Bassist Chris Lightcap heads a powerful ensemble, fronted by the twin tenor saxophones of Bill McHenry and Tony Malaby. Lightcap's favored approach is to loop syncopated, funky bass ostinatos, lock in tightly with drummer Gerald Cleaver, and let the two tenors loose. "Guinbre" and "Las Tijeras" are animated by an African- or Latin-inspired feel, while the title track and "Philly's Blount" (the latter recorded live) draw the listener in with two very different kinds of funk. Cleaver tears it up with a solo toward the end of the fiercely up-tempo "Port-Au-Prince," and also drives the free-jazz madness of "All Choked Up."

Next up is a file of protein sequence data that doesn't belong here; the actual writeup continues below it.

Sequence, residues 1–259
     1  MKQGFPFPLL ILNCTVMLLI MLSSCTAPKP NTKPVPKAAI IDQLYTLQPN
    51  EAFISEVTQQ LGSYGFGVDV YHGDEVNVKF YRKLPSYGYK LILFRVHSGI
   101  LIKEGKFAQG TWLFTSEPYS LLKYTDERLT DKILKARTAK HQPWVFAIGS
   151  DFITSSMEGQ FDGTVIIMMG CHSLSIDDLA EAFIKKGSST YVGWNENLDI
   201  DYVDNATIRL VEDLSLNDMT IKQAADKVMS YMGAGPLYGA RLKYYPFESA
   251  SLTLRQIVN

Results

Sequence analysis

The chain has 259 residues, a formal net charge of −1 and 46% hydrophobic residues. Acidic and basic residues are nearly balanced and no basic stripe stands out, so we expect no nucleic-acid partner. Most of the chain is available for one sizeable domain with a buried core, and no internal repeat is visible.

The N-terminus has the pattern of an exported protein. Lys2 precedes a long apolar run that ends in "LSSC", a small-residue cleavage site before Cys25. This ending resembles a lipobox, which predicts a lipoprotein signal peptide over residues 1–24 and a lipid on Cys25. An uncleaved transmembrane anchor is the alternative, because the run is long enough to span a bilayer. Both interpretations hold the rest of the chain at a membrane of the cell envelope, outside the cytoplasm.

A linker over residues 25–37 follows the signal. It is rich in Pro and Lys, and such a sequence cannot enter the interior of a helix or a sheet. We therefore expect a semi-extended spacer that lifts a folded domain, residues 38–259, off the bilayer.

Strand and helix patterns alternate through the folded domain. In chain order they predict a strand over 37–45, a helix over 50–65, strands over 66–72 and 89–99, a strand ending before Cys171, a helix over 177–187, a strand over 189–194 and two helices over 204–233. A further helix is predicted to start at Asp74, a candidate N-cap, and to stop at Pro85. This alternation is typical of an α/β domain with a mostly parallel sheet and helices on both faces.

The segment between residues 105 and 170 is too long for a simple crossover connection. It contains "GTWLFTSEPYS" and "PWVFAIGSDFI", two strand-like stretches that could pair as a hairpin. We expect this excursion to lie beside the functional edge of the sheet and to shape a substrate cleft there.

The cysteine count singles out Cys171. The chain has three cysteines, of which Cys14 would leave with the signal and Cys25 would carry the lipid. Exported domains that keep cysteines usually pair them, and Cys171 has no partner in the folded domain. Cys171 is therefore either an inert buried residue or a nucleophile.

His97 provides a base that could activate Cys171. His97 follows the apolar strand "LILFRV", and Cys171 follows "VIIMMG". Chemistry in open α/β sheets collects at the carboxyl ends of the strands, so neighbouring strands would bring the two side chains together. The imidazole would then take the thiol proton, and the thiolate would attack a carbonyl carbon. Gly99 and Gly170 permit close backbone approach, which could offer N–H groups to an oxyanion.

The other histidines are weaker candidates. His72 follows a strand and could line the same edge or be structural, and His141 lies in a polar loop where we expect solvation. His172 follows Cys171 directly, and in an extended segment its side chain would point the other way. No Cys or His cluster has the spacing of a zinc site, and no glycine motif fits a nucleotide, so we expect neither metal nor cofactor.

On Ornette Coleman's "I Heard It Over the Radio," the only non-original of the set, the quartet skillfully elucidates Coleman's strange brand of plaintiveness. Later, the two tenors guide us through the formless, tempoless, yet invitingly tonal topography of Lightcap's "Sad Morning." Both of these relatively toned-down numbers feature placid, heartfelt solos by Lightcap.
The absence of piano or guitar and the presence of two horns gives this group a decidedly left-of-center sound that is quite reminiscent of Ornette Coleman's classic quartet. McHenry and Malaby are taking that vocabulary in a multiplicity of new directions, however, and their work on this record is representative of contemporary tenor sax at its exploratory best. Lightcap has chosen his players wisely, and his memorable compositions provide fertile soil for inspired collective improvisation.